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BUSINESS
By Hanah Cho and Hanah Cho,Sun reporter | November 7, 2006
NewPage Corp.'s paper mill, one of Allegany County's largest employers, will lose 130 jobs as part of the Dayton, Ohio-based company's efforts to cut costs and match production with market demand. The job cuts are the result of the permanent shutdown of the plant's No. 7 paper machine, which the company said last week would end production by March 31. NewPage said it will offer early retirement to hourly employees who are 62 or older next year, while some might be moved to other positions.
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NEWS
By John Fritze and The Baltimore Sun | August 25, 2014
WASHINGTON -- Vice President Joe Biden will attend a fundraiser for Lt. Gov. Anthony Brown's campaign for governor on Tuesday, the White House said late Monday. The small event, with about 25 attendees, will take place at the Powerhouse, a former paper mill in Georgetown. Brown's running mate, Howard County Executive Ken Ulman, will also attend.   "I'm humbled to have Vice President Biden's backing and support," Brown said in a statement. "This event continues to build on the momentum we need for victory in November.
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BUSINESS
By Paul Adams and Paul Adams,SUN STAFF | October 11, 2002
MeadWestvaco Corp.'s paper mill in Allegany County will lose about 150 jobs as part of the Stamford, Conn.-based company's continuing effort to eliminate 2,500 positions before the end of the year. The job reductions are the latest in a series of cuts that began in January after Dayton, Ohio-based Mead Corp. merged with Westvaco Corp. in a $3 billion deal that company officials said would result in $325 million in cost savings. The company plans to shut down eight machines that convert giant rolls of paper into sheets and move the majority of that work from its factory in Luke to Chillicothe, Ohio.
FEATURES
Tim Wheeler | March 29, 2013
Legislation that would have phased out millions in ratepayer-financed subsidies for mostly out-of-state paper mills died in a House committee Friday, just a day after the Senate passed a companion measure. The House version of the so-called "black liquor" bill, HB1102 , fell one vote short of the 12-vote majority needed to get out of the Economic Matters Committee. The vote in the panel was 11 to 8 for it. The Senate had voted 33-13 on Thursday to end the subsidies, after the bill had died and been resurrected in committee.
NEWS
By Liz Atwood and Liz Atwood,SUN STAFF | August 2, 1998
For more than 75 years, cars, trucks and wagons have rattled over the steel grates of the Paper Mill Road Bridge, ferrying commuters home and to work across the Loch Raven Reservoir.But in 19 months, the elegantly arched bridge -- one of the few of its kind in the country -- will fall silent, except perhaps for the soft tread of footsteps or the squeak of bicycle tires.Contractors for Baltimore have started work on a $11.4 million bridge that will carry the nearly 10,000 cars that drive on Paper Mill Road each day. When the 669-foot-long span is completed in February 2000, it will be wider and stronger than the old one and will have a pedestrian sidewalk.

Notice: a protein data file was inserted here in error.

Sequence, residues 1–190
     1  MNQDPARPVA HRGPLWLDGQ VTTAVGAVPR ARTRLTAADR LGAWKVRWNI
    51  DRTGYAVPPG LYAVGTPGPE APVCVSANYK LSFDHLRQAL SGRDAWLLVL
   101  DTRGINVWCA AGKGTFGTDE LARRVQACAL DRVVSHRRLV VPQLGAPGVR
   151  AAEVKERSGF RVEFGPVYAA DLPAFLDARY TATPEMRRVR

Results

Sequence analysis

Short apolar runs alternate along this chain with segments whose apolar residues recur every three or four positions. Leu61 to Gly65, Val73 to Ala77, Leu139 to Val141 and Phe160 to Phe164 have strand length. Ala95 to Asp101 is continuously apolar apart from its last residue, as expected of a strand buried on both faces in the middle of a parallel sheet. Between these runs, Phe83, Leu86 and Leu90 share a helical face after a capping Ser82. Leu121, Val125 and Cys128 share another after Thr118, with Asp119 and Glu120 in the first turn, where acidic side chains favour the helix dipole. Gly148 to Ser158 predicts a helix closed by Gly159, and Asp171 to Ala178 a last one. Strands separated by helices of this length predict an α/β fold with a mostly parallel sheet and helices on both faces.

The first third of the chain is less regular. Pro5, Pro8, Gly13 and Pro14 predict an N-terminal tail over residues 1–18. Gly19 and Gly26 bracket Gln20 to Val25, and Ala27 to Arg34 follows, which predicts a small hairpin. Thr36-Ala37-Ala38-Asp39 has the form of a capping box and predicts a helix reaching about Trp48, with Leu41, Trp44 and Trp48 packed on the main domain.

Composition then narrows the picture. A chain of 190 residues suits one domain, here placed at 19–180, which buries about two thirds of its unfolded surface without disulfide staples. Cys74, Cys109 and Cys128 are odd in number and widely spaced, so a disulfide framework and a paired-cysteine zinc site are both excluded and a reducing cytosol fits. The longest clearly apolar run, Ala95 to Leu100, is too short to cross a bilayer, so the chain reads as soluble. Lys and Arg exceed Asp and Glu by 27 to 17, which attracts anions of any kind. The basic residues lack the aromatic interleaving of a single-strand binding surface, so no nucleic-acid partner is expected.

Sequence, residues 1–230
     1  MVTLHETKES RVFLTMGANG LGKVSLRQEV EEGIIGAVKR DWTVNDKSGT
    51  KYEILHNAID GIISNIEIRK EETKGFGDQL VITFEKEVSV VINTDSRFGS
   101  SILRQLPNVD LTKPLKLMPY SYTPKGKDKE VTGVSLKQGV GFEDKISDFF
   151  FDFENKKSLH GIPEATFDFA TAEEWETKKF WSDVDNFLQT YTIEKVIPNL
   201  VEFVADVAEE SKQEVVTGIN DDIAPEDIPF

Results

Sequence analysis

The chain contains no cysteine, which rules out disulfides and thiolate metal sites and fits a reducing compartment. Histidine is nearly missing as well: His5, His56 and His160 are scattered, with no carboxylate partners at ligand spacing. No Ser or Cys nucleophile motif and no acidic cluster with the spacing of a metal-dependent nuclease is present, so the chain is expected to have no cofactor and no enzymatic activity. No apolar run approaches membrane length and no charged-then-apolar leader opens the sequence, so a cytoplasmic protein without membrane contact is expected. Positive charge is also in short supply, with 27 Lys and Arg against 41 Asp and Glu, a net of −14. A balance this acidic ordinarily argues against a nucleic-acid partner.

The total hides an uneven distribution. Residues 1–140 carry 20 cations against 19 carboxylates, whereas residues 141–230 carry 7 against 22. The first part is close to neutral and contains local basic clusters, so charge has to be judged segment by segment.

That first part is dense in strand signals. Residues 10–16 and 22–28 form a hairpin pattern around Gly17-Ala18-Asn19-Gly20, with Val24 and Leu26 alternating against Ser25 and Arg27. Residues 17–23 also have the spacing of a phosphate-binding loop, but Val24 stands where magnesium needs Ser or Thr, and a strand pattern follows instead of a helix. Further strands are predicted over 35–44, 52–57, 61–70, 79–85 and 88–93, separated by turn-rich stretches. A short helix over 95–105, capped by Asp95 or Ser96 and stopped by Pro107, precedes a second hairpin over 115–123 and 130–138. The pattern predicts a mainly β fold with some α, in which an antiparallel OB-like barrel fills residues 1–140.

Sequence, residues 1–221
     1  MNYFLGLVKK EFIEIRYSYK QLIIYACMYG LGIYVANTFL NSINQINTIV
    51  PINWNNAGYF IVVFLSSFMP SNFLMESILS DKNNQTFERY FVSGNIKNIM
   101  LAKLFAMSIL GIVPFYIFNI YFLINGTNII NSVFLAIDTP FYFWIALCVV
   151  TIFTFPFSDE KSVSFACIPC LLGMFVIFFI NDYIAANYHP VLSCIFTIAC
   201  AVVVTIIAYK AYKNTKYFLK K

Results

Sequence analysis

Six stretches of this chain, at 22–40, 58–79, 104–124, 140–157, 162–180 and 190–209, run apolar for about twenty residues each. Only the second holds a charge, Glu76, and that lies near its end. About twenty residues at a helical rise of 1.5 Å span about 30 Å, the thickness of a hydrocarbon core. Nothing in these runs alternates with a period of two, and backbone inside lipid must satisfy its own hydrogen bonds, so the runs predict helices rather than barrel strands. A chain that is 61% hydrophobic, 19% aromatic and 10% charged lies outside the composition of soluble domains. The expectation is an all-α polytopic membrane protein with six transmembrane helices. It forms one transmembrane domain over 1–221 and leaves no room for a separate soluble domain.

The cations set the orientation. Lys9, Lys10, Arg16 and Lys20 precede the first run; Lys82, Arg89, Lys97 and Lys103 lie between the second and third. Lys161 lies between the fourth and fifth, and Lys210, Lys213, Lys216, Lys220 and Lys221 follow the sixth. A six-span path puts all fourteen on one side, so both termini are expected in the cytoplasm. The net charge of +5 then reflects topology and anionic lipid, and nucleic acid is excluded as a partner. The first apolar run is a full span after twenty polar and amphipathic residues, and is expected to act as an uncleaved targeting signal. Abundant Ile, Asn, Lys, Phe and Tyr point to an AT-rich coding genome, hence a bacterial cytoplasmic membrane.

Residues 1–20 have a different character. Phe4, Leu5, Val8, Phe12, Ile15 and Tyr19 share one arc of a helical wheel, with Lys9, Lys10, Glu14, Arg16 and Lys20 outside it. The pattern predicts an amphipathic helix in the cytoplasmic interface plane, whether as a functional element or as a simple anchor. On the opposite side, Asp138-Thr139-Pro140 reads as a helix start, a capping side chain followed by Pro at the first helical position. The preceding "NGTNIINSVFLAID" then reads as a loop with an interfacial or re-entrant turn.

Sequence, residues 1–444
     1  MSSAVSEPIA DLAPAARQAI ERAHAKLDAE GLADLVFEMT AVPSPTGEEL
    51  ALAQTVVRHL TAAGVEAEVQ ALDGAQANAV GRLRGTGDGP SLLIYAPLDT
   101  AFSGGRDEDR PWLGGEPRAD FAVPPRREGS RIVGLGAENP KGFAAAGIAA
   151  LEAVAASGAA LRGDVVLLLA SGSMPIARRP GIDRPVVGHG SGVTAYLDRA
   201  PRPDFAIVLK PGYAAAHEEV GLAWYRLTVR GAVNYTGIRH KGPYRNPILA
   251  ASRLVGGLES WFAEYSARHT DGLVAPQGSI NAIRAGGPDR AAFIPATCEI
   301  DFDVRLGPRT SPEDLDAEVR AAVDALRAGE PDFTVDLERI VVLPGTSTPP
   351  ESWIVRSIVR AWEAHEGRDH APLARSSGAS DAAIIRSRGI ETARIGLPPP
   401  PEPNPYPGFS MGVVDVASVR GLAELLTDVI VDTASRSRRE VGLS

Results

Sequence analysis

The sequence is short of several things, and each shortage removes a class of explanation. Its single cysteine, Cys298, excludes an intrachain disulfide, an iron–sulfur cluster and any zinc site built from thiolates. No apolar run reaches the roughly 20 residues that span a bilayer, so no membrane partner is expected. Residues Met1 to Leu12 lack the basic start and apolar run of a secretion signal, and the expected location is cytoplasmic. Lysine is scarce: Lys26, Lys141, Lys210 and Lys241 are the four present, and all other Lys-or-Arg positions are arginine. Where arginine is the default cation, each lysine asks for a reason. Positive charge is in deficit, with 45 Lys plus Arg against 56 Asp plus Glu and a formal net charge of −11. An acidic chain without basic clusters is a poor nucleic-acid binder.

NEWS
Tim Wheeler | March 25, 2013
Some Annapolis lawmakers have gotten in the Easter spirit a little early.  A bill that would curtail millions in renewable-energy subsidies for mostly out-of-state paper mills comes to the Senate floor Monday, after being killed last week and then revived with a special deal for Maryland's only paper-making plant. The bill, SB684 , pushed by environmentalists, would phase out the ability of paper facilities to cash in on Maryland's renewable energy law by burning "black liquor," a tarry byproduct of the pulping process, and other wood waste to power their operations.
NEWS
By Dan Berry and Dan Berry,NEW YORK TIMES NEWS SERVICE | February 26, 2001
NEWTON FALLS, N.Y. - An aching stillness has settled over this company town. All that can be heard now are the whispers of the Adirondack winds spinning whirls of snow in empty streets. The sprawling Newton Falls paper mill has gone quiet, like some comatose Gulliver, and so has Lilliput. There are no more shift changes, which means no more cars rumbling down Route 60 to the mill, which means no more paper trimmers and millwrights seeking fortifying rounds of pizza and beer at the Newton Falls Hotel, the only other business in this remote hamlet.